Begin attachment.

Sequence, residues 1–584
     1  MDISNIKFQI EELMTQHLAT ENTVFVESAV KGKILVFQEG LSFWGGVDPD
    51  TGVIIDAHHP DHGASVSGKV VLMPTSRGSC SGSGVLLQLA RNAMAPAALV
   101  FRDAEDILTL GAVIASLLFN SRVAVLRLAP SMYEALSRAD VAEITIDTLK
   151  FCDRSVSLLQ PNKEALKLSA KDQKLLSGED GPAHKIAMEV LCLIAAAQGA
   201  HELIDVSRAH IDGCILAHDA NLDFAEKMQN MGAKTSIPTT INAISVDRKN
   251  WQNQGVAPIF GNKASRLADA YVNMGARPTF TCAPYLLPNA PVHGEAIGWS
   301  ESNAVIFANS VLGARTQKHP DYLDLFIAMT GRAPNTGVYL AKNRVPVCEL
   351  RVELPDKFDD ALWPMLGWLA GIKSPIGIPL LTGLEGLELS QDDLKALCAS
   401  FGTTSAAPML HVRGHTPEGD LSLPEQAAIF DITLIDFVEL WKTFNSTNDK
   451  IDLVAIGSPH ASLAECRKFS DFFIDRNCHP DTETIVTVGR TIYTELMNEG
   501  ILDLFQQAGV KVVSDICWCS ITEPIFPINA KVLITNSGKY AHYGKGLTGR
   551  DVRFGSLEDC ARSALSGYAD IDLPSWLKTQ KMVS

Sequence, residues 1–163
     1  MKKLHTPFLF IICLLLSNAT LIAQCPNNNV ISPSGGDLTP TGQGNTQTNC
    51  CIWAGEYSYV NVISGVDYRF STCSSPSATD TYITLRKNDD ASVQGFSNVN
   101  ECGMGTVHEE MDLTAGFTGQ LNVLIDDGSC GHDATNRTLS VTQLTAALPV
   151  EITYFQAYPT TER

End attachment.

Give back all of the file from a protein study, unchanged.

Sequence, residues 1–584
     1  MDISNIKFQI EELMTQHLAT ENTVFVESAV KGKILVFQEG LSFWGGVDPD
    51  TGVIIDAHHP DHGASVSGKV VLMPTSRGSC SGSGVLLQLA RNAMAPAALV
   101  FRDAEDILTL GAVIASLLFN SRVAVLRLAP SMYEALSRAD VAEITIDTLK
   151  FCDRSVSLLQ PNKEALKLSA KDQKLLSGED GPAHKIAMEV LCLIAAAQGA
   201  HELIDVSRAH IDGCILAHDA NLDFAEKMQN MGAKTSIPTT INAISVDRKN
   251  WQNQGVAPIF GNKASRLADA YVNMGARPTF TCAPYLLPNA PVHGEAIGWS
   301  ESNAVIFANS VLGARTQKHP DYLDLFIAMT GRAPNTGVYL AKNRVPVCEL
   351  RVELPDKFDD ALWPMLGWLA GIKSPIGIPL LTGLEGLELS QDDLKALCAS
   401  FGTTSAAPML HVRGHTPEGD LSLPEQAAIF DITLIDFVEL WKTFNSTNDK
   451  IDLVAIGSPH ASLAECRKFS DFFIDRNCHP DTETIVTVGR TIYTELMNEG
   501  ILDLFQQAGV KVVSDICWCS ITEPIFPINA KVLITNSGKY AHYGKGLTGR
   551  DVRFGSLEDC ARSALSGYAD IDLPSWLKTQ KMVS

Sequence, residues 1–163
     1  MKKLHTPFLF IICLLLSNAT LIAQCPNNNV ISPSGGDLTP TGQGNTQTNC
    51  CIWAGEYSYV NVISGVDYRF STCSSPSATD TYITLRKNDD ASVQGFSNVN
   101  ECGMGTVHEE MDLTAGFTGQ LNVLIDDGSC GHDATNRTLS VTQLTAALPV
   151  EITYFQAYPT TER